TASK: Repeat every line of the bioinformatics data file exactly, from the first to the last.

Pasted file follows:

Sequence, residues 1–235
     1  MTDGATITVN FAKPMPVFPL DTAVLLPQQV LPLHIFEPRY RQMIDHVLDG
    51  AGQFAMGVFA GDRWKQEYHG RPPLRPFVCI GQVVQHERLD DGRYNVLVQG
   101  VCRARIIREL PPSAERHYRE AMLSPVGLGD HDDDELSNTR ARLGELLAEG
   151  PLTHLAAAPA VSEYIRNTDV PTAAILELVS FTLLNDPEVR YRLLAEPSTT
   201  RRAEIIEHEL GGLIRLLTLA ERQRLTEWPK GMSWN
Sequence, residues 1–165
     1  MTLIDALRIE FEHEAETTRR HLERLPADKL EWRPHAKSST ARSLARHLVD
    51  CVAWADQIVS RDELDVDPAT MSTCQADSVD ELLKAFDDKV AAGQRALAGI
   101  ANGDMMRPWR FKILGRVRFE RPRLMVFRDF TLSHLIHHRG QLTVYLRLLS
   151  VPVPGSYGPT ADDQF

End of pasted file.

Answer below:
Sequence, residues 1–235
     1  MTDGATITVN FAKPMPVFPL DTAVLLPQQV LPLHIFEPRY RQMIDHVLDG
    51  AGQFAMGVFA GDRWKQEYHG RPPLRPFVCI GQVVQHERLD DGRYNVLVQG
   101  VCRARIIREL PPSAERHYRE AMLSPVGLGD HDDDELSNTR ARLGELLAEG
   151  PLTHLAAAPA VSEYIRNTDV PTAAILELVS FTLLNDPEVR YRLLAEPSTT
   201  RRAEIIEHEL GGLIRLLTLA ERQRLTEWPK GMSWN
Sequence, residues 1–165
     1  MTLIDALRIE FEHEAETTRR HLERLPADKL EWRPHAKSST ARSLARHLVD
    51  CVAWADQIVS RDELDVDPAT MSTCQADSVD ELLKAFDDKV AAGQRALAGI
   101  ANGDMMRPWR FKILGRVRFE RPRLMVFRDF TLSHLIHHRG QLTVYLRLLS
   151  VPVPGSYGPT ADDQF